Flying Officer Anjali Gupta committed suicide last Sunday in Bhopal at her lover’s home. While the immediate cause is speculated to be a failed relationship, her tragedy began way back in February 2005.
Anjali, a non-flying Indian Air Force officer commissioned as a Flying officer, had lodged a police complaint alleging sexual harassment against three senior officers. The case came to light only when Gupta was detained at an Air Force guest house in Bangalore pending the constitution of a general court martial (GCM). At that time, two TV reporters, on a tip-off, tried to interview her and were detained by IAF security.
Because of the undue attention that she was getting, the IAF decided to throw open the GCM to the media. Strangely, the GCM probed a set of charges against her and not the officers she had complained about.
At the GCM, Gupta was bold and even cheerful. She accused the IAF public relations officer of dictating media reports that suggested no wrongdoing on the part of the Air Force.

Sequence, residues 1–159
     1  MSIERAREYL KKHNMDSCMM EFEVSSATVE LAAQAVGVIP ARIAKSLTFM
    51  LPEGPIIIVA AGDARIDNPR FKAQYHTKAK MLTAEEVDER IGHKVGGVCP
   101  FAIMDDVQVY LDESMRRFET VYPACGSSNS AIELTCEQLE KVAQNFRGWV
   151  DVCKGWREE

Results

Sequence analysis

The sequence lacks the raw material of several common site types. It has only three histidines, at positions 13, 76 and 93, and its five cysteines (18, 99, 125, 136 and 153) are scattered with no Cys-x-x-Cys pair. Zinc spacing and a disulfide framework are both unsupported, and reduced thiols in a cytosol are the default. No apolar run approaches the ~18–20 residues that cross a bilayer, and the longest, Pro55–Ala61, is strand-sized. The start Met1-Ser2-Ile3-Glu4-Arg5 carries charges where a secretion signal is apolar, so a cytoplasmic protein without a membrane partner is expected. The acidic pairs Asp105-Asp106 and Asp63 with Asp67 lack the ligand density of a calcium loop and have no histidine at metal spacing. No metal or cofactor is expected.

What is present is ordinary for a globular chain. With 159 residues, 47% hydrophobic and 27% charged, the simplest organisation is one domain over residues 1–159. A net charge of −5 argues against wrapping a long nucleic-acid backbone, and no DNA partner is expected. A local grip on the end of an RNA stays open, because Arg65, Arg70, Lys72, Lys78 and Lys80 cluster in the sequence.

Finally, the GCM pronounced her guilty on five counts, including indiscipline, insubordination, financial irregularity, and conduct unbecoming of officer. She was dismissed. The next day, the IAF constituted a court of Inquiry that ruled that no action need be taken against the officers she’d complained against. Her police complaint died a natural death.
Gupta told the media that she would write a book and there were even reports of film producers wanting to make a movie based on her. Nothing fructified and she started working at a private firm in Bangalore.
On Sunday, Gupta, now 35, allegedly hanged herself at the home of a former IAF colleague who was married.